Tragedy has struck again in the mid Wexford area. Following the death of a family last year through a parental suicide, the same has happened another family. This is most disturbing.

How can such instances be prevented in future, where innocent partners and children are brought to a premature death by a parent.

The psychiatric services are not getting the resources they should receive.

As mentioned on TV during the week, there are no places in hospitals for persons mentally ill on an emergency basis. The move to community treatment has led to this, but sometimes people need to be put into hospital.

In Britain, people who are dangerous to others can be sectioned, but not so here, as our laws are different.

People at risk through the mental illness of another party are not being protected. New laws are passed offering greater rights to those suffering from mental illness. But sometimes this can work against what was originally intended, as these parties can affect the lives of others in a serious way.

The state and psychiatric services may have to intervene more if they feel that a family or young children are at risk. It should be easier for families to seek help if they think a parent has lost control of their minds and not allow fate take its course.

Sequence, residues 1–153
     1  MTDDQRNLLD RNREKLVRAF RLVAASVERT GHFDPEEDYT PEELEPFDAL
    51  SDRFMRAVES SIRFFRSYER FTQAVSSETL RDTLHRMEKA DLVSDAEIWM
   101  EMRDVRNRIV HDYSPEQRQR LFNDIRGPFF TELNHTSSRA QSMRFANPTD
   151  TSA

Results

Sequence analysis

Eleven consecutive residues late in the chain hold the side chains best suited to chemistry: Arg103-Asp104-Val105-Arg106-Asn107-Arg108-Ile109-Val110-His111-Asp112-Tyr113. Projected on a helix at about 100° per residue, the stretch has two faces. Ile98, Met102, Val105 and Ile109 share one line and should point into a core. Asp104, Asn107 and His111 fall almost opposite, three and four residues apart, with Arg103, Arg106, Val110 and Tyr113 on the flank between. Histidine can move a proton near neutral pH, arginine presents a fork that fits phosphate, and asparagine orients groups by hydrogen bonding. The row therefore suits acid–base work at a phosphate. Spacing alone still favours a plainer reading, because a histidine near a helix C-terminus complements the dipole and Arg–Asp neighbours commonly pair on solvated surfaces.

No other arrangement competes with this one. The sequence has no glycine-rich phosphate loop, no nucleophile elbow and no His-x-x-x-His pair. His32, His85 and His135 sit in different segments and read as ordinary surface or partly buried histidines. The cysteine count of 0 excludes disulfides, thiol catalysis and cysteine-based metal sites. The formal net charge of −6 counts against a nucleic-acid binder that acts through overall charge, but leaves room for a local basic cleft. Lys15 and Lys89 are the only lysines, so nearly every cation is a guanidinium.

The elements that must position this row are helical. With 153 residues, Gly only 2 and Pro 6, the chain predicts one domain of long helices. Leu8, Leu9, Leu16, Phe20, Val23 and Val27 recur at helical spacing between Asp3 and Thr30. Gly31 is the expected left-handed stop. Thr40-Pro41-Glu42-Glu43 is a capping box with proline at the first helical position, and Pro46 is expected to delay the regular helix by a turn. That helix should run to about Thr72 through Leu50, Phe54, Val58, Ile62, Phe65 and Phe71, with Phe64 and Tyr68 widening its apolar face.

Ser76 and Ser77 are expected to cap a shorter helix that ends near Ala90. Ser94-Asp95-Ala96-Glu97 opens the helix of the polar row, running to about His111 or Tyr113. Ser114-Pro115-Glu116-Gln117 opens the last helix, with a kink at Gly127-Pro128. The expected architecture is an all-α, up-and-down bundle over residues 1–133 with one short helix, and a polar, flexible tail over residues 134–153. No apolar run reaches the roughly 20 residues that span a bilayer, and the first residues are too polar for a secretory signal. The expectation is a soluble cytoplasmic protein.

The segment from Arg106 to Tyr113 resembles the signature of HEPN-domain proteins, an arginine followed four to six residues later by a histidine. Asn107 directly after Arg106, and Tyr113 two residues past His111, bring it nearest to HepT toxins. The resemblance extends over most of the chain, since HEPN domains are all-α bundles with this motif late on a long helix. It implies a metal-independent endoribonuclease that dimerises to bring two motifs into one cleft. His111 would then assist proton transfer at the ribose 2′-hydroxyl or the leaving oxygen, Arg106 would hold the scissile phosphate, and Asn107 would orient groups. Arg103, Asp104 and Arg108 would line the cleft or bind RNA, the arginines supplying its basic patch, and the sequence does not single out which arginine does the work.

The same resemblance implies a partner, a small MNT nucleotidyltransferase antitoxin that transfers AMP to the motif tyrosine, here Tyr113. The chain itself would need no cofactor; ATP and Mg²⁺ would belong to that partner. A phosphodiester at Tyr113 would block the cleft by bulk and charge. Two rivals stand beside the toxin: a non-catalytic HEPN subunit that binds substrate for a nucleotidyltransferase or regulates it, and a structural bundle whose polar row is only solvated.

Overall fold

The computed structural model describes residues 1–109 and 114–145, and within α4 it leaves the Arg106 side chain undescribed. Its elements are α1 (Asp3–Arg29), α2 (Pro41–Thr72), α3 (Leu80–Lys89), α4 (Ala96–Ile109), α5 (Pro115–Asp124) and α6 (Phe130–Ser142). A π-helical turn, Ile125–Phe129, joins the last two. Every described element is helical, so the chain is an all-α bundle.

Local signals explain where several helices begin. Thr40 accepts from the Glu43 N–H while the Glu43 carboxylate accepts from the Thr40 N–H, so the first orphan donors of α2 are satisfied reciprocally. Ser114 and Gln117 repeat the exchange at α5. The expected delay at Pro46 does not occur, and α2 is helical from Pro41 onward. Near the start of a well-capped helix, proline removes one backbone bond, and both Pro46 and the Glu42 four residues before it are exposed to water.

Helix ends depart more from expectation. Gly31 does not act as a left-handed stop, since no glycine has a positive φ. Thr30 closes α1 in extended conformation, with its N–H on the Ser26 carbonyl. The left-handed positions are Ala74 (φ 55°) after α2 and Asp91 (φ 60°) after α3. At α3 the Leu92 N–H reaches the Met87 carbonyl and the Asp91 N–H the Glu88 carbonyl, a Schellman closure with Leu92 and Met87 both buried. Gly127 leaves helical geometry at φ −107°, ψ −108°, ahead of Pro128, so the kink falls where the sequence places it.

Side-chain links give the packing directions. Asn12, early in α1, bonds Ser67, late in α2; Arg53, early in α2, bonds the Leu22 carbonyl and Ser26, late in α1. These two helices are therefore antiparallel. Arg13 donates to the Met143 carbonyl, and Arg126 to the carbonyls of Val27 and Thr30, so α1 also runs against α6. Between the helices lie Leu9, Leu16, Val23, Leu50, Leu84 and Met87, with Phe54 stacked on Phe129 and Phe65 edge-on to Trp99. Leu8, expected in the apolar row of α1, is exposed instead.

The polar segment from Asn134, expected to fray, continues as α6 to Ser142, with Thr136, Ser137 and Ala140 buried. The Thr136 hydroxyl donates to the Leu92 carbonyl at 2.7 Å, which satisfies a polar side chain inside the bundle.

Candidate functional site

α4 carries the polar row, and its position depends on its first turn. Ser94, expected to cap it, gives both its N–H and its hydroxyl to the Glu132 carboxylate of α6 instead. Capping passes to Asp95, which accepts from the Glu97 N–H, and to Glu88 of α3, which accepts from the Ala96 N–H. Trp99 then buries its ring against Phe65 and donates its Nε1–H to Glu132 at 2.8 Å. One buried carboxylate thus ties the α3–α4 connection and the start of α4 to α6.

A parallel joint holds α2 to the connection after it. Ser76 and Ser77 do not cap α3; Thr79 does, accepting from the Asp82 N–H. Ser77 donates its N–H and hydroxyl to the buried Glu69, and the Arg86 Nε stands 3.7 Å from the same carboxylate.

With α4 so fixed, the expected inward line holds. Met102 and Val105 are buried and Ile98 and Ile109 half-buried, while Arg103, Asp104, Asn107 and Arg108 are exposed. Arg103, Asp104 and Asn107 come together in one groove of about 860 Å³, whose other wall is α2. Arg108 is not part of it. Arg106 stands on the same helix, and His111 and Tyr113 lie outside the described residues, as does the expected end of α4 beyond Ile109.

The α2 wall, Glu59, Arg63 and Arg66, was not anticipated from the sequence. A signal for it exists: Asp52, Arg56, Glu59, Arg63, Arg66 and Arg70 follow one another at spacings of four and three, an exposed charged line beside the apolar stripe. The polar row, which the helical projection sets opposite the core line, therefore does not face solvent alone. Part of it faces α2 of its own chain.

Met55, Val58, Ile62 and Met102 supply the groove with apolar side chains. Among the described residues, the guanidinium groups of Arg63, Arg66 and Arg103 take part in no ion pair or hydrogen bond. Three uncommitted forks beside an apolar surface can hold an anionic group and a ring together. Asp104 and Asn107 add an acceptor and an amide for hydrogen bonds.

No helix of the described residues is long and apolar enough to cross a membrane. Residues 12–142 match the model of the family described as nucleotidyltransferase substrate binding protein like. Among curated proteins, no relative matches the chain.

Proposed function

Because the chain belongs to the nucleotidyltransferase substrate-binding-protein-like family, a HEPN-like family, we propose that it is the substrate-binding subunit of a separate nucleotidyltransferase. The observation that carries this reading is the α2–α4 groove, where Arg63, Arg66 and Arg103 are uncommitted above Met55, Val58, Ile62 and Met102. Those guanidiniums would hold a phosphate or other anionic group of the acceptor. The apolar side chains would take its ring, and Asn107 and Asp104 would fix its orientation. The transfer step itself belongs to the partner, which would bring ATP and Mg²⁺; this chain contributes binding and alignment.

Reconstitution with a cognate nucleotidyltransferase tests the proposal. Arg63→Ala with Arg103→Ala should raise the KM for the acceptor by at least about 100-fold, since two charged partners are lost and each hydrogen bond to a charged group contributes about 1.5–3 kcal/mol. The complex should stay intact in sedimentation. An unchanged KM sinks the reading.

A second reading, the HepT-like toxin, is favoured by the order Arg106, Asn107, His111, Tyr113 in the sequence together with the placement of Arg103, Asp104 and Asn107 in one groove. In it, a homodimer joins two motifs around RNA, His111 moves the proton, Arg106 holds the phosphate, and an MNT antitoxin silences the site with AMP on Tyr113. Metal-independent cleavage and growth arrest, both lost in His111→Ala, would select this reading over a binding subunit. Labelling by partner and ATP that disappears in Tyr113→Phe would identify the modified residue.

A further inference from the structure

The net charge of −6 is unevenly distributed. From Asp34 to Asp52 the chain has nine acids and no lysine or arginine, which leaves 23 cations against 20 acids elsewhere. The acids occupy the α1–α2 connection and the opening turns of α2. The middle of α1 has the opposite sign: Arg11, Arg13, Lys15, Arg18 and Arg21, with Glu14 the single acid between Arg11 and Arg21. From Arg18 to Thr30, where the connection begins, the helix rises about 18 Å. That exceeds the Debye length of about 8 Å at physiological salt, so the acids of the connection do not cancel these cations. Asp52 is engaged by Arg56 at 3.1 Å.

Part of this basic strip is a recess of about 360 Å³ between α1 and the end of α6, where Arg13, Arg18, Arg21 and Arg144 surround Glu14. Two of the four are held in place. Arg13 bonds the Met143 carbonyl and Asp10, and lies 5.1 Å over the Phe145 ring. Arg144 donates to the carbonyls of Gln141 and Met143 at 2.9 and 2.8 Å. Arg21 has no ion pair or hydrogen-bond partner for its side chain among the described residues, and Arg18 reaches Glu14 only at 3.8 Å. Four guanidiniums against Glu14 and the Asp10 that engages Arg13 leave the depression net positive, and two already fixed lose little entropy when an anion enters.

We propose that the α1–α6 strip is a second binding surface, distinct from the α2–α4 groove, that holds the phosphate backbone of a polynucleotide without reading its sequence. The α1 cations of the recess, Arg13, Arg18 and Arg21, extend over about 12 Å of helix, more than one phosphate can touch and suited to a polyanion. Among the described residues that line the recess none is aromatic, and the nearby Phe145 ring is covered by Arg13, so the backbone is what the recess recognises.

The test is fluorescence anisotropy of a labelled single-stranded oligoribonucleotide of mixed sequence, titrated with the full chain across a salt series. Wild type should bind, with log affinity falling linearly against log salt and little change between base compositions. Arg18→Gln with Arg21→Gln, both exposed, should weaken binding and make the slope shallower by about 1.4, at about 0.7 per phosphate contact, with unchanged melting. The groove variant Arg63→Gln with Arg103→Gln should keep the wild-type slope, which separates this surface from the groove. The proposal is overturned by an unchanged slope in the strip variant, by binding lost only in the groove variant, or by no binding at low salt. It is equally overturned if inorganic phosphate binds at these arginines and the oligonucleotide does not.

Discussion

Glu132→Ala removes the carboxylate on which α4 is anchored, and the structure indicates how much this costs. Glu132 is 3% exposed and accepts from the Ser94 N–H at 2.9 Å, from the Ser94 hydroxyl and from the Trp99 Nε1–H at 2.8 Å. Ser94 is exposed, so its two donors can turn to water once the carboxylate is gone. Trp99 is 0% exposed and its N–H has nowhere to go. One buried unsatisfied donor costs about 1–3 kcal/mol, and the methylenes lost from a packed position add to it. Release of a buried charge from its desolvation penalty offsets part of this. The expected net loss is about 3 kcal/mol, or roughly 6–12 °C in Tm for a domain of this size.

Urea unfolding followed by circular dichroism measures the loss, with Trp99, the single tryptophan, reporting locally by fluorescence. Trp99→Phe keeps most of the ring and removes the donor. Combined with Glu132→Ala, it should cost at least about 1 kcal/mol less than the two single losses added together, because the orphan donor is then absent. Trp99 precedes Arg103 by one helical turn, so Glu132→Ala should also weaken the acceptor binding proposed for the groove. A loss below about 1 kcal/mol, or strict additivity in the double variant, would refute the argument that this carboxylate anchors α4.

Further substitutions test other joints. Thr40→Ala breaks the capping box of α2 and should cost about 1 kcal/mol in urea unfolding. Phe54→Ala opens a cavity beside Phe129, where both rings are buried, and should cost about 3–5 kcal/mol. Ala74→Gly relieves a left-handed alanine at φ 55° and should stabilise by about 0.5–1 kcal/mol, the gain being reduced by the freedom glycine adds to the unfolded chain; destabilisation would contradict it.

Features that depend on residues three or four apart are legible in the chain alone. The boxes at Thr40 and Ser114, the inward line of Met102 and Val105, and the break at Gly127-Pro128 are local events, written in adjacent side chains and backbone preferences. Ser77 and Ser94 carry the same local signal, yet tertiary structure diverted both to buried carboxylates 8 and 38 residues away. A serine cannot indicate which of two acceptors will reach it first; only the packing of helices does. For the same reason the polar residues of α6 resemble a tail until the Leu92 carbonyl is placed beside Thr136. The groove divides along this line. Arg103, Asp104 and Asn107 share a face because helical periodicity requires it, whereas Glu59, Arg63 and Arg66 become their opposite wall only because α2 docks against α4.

GPs may have to become more vigilant and refer on more cases. An inquiry could be held to see perhaps how such tragedies could be avoided in the future, although that is easier said than done.

Parents killing children is a dreadful crime. Children deserve better protection when the parent is mentally ill or out of control.

In the last Wexford case it was said that the lack of availability of a social worker at the weekend meant that there was no intervention after a parent had ordered coffins for the children from an undertaker.

Again the issue of not having staff available around the clock was raised. Could there be a situation where there is someone on call centrally, even by telephone, for people who need to talk to someone and who are badly in need of help. The Samaritans carry out such a service on a voluntary basis and do great work.

For this Clonroche case the possibility of intervention may have been less easy. Nevertheless, something must be learned from such cases. Depression is a dreadful illness and appears to be the cause.

The current systems are not adequate, but as one expert pointed out this week, these cases are hard to predict. More vigilance is needed among professionals who come in contact with people, to see if there are any early warning signs.

Stresses of business and debt in the modern world, added to depression, can have big effects. We would hope that news of this event may alert people who are in some trouble to seek some help and not hurt others.

A review of current laws on mental health should also be considered, as the rights of other parties and society at large have to be considered more than they are at present.